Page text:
This is in response to a man who objected to being wished a "Happy Veteran's Day!" because it should not be a festive occasion. Certainly it's a day of remembrance, shouldn't positive emotions about service be included as well? Justin writes:
I am a veteran, and I do appreciate the word "happy." I am happy to have served with so many fine soldiers. I am happy to be counted among those who served. I am happy that people stop to remember, even for a moment or two. I am happy in the knowledge there are those willing to serve, sacrifice, and pass on a tradition of service. I am happy politically diverse people with integrity around the world can agree on a few fundamental issues, and that honoring their nation's veterans is one such issue. Look in my eyes. I am happy to have survived combat. I am happy to have a family. Do I despair at the loss of so many fine people? Yes. Am I sober and saddened when I think of the cost of war? Yes. Are far too many veteran's lost in their fear , anger, and depression? Yes. But when I am with my friends, those who I served with, we are happy in each others' company. So, Happy Veteran's Day to all those who served, sacrificed, and answered the call. Thank a Veteran in your own way, be respectful of the sacrifice, and be happy for the life each veteran has after the war, for far too many have yet to find the joy which can be had in this world.
Then as a note on his Facebook page:
...as you go on about your day, please take the time to say thank you to a veteran. Maybe you know someone personally, and maybe you might see a stranger walking own the street---it doesn't make any difference. Please, just say "thank you" in your own way. As a veteran, I don't mind this day has become an excuse for buying a couch or television on the cheap. Honest. I don't even care if you don't thank me personally because I was not alone in my efforts. I had friends in my platoon in Operation Desert Storm (and other various units) who boosted me up as I tried to boost them. The result was this: We were a synergistic effort, the whole more valuable than the sum of our parts. And that goes for every veteran, regardless of whether he or she served in combat. When you thank one veteran, you are really thanking all veterans in a tradition which goes farther back than recent decades.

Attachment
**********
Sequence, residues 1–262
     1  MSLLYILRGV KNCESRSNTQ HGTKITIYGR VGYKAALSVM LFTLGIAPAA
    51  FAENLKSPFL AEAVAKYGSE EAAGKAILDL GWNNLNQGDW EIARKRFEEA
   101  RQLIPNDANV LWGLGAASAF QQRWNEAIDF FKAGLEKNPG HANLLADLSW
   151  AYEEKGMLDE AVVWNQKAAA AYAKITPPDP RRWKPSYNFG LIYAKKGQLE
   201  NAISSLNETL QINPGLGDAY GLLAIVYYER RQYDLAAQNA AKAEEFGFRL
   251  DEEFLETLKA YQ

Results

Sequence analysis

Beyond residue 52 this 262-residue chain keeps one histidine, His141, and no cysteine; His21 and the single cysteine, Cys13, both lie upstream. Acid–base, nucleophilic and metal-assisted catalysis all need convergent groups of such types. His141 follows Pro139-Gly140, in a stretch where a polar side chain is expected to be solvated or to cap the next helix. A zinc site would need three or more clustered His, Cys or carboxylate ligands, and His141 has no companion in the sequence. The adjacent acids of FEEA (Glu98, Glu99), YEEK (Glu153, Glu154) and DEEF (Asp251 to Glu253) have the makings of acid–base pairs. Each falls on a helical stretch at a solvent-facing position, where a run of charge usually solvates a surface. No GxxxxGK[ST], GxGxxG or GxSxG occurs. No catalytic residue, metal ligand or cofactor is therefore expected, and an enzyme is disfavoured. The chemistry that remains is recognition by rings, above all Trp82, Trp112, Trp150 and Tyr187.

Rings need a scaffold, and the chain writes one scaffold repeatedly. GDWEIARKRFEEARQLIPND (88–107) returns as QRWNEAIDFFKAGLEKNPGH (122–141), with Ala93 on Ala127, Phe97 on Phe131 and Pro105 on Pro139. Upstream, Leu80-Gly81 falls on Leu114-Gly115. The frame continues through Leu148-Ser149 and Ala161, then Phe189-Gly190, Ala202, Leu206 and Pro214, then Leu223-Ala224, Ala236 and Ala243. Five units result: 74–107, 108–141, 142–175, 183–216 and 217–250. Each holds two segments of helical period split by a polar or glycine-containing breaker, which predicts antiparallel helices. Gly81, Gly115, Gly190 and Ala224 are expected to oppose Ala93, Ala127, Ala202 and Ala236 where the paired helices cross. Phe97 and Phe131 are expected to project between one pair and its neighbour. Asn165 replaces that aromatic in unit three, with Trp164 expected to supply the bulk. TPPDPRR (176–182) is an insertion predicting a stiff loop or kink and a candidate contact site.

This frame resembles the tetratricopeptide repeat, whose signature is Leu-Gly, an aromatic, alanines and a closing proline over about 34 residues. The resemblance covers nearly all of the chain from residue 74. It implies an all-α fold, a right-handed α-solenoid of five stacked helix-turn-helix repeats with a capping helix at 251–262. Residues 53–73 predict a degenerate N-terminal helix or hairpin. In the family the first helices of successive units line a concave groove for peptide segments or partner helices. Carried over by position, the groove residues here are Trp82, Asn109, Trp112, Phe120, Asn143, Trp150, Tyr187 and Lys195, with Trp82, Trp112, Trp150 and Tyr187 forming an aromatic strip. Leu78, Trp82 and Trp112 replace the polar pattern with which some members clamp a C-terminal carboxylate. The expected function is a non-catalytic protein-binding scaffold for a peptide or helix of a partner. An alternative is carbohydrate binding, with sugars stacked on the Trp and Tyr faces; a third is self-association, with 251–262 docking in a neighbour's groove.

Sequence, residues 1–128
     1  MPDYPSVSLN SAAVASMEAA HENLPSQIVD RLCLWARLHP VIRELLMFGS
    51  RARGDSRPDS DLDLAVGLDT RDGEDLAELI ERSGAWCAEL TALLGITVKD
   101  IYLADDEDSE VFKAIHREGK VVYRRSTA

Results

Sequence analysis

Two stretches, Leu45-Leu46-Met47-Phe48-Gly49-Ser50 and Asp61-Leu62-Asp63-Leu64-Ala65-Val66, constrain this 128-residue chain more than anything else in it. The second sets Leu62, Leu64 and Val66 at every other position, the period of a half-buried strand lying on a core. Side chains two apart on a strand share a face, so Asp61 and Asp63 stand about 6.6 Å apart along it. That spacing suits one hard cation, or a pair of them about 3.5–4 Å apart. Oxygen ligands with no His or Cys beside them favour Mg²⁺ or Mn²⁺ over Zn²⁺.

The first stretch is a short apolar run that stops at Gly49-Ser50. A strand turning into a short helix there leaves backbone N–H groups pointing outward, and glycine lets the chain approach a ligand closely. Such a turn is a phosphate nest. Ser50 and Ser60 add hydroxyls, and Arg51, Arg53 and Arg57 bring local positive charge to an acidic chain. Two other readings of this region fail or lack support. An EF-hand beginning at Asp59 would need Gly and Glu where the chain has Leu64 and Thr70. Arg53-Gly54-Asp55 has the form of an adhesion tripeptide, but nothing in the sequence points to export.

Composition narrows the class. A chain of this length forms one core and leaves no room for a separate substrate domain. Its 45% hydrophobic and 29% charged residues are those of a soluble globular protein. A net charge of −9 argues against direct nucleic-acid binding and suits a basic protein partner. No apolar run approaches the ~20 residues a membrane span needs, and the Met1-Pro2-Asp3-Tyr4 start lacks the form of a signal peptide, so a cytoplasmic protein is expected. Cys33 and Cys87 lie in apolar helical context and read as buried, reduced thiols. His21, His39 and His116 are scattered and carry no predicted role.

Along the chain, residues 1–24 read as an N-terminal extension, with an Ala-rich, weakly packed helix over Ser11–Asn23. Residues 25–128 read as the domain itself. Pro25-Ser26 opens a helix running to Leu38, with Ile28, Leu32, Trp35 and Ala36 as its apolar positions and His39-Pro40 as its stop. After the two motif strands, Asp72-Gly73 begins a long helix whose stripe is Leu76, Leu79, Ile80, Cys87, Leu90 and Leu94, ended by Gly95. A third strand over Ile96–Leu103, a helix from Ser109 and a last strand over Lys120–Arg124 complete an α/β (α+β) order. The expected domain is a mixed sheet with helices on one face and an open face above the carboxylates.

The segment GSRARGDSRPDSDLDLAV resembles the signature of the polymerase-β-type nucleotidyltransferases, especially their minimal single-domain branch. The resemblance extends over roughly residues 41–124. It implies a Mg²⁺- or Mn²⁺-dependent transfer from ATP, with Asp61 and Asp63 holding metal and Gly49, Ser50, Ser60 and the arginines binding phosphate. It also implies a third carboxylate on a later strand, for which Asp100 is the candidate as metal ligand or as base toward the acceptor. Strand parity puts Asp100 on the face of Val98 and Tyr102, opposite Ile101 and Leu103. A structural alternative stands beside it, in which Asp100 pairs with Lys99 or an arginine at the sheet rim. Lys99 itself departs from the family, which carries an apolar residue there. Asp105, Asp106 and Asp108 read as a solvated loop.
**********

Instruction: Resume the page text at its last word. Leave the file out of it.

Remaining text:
My offering today is simple. I am offering my thanks to all the men and women I served with, whether we got along or not. Thank you for being there when it counted, and when it mattered most. Thank you to all who have served and are serving now. Your sacrifice is/was not political, nor are my thanks. Your sacrifice, no matter how small or easy you think it, is not a thing which can be compared using some objective scale. Please know I am grateful for your service, your brotherhood, and in many cases, your friendship. Thank you for sharing with me your lives and your ideas. Knowing you has enlarged me and made me a better teacher, poet, and human. I wish for you peace and resolution in your heart for your service and the lives you have and the portions of life you sacrificed because of your service. For those who sacrificed everything, there is nothing left but to say once again, Thank You.
Pretty with the writing words, ain't he?
His newest book of poetry is now available for pre-order from BlazeVOX. We are fond of saying around our house that you can't make friends with salad and you don't make money from poetry, but at the very least you can scroll to the bottom of the page and look at the book preview!